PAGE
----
April 9, 2013 9:30 pm
Greetings Bugman – It is windy indeed around the corner here in Glendale!
Yesterday I removed the ties around a wood stake that was supporting a newly planted albizia tree in my backyard. Bright orange, egg-yolk-looking stuff smeared on my fingers and I found little groupings of these creatures beneath several of the ties.
They look like mealybugs, but they are huge! A quarter of an inch long, at least. Can you identify them? Are they beneficial, destructive, or neutral?
Thanks in advance.
Signature: Janine in Glendale

Cottony Cushion Scale

Cottony Cushion Scale

Hi Janine,
It is currently calm, but we understand the winds are supposed to return today.  We believe these are Cottony Cushion Scale, and we believe that is the insect we found on our endangered California Black Walnut last year.  When we manually smashed them, they were orange.  You can read about the Cottony Cushion Scale on BugGuide where it states:  “Hosts include many plants, though in FL Citrus and Pittosporum are most commonly affected.”
  The University of Florida Featured Creatures states:  “The mature females (actually hemaphrodites) have bright orange-red, yellow, or brown bodies (Ebeling 1959). The body is partially or entirely covered with yellowish or white wax. The most conspicuous feature is the large fluted egg sac, which will frequently be two to 2.5 times longer than the body. The egg sac contains about 1000 red eggs (Gossard 1901).”  You should try to eliminate the Scale.  According to the Featured Creatures:  “The cottony cushion scale can severely damage trees, resets, and nursery stock. Decreased tree vitality, fruit drop, and defoliation result from the feeding of this scale. Most damage occurs from the feeding of the early immature stages of the scale on the leaves, where they settle in rows along the midrib and veins, and on the smaller twigs. The older nymphs continue to feed, but migrate to the larger twigs, and finally, as adults, they settle on the larger branches and trunk. This scale is seldom found on the fruit. Added damage can result from the accumulation of sooty mold due to the honeydew excreted by the scale.”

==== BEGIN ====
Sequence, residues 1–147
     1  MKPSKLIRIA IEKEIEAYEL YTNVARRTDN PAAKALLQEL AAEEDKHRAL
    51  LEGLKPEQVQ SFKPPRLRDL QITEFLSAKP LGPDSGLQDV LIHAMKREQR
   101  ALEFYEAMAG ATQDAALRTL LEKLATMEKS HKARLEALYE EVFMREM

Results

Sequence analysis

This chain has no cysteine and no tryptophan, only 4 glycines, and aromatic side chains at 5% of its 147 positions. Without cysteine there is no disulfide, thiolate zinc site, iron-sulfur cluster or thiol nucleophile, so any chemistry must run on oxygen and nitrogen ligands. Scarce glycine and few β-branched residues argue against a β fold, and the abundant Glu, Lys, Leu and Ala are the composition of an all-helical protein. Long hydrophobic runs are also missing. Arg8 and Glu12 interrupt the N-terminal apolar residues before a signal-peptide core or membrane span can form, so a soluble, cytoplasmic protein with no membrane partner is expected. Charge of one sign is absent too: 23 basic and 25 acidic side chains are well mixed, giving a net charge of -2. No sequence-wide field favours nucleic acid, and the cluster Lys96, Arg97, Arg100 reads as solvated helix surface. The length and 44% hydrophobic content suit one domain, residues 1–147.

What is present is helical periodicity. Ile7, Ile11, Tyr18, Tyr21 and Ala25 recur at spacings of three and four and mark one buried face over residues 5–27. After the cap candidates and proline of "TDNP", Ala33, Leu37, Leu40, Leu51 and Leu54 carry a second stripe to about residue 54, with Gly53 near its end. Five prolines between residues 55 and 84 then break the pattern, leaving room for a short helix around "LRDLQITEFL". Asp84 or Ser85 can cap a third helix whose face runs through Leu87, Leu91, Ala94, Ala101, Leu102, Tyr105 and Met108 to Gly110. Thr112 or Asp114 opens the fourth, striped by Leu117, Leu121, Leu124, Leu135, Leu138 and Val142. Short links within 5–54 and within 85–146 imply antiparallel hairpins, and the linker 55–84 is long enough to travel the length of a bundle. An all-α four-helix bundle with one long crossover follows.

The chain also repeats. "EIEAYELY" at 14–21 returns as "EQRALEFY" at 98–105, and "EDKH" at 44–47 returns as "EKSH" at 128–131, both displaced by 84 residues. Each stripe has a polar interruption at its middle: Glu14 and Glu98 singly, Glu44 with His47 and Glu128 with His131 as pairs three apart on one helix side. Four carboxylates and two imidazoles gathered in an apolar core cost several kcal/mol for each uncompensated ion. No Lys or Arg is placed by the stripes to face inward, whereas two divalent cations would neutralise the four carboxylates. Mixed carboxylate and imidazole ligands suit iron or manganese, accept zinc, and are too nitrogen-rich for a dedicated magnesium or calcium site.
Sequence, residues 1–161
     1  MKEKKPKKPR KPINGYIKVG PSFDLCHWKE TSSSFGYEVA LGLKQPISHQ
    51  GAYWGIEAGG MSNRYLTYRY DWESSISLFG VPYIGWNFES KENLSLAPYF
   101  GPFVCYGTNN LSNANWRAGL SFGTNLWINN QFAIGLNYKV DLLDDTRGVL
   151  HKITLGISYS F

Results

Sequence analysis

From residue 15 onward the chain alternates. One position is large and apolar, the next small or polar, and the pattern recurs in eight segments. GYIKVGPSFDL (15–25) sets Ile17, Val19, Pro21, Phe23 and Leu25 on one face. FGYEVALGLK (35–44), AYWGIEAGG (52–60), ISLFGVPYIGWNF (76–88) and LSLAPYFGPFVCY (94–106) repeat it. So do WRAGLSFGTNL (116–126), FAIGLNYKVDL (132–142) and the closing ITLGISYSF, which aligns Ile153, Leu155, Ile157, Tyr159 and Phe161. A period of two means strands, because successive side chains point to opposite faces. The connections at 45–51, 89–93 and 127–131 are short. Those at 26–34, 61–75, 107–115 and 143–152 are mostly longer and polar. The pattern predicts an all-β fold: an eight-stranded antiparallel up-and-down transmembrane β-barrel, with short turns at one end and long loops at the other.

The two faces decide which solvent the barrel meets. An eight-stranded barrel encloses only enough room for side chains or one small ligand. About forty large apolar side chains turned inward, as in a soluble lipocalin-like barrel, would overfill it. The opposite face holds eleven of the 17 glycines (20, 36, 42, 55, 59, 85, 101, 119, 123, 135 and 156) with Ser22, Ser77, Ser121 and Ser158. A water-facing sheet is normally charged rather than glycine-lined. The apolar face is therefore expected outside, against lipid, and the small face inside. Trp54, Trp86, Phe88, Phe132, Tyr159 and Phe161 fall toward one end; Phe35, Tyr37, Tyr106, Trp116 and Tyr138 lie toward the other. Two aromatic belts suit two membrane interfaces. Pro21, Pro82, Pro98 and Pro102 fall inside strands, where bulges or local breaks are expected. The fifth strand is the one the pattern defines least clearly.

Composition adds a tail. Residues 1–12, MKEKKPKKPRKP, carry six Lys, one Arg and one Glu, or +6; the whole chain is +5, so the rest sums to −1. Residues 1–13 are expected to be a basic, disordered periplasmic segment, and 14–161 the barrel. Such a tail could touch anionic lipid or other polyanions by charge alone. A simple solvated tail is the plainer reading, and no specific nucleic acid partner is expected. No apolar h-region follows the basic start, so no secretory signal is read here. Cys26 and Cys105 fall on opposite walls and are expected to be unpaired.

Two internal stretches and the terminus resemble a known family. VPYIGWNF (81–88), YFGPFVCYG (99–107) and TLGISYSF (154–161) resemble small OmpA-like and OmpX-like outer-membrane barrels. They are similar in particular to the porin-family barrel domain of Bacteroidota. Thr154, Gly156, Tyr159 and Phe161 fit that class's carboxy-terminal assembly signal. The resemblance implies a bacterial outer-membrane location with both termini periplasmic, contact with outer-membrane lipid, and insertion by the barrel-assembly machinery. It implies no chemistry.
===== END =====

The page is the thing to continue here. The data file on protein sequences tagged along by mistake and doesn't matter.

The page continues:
Thank you so much :). Off on scale safari I go.    Janine

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Subject: Cicada from Guyana
Location: Guyana , Iwokrama
March 31, 2013 4:31 am
Hi,
I’d be very happy if you could identify this cicada for me. Found it in Guyana at Iwokrama River Lodge.
Thanks!
Signature: Karin

Hemipteran

Froghopper

Hi Karin,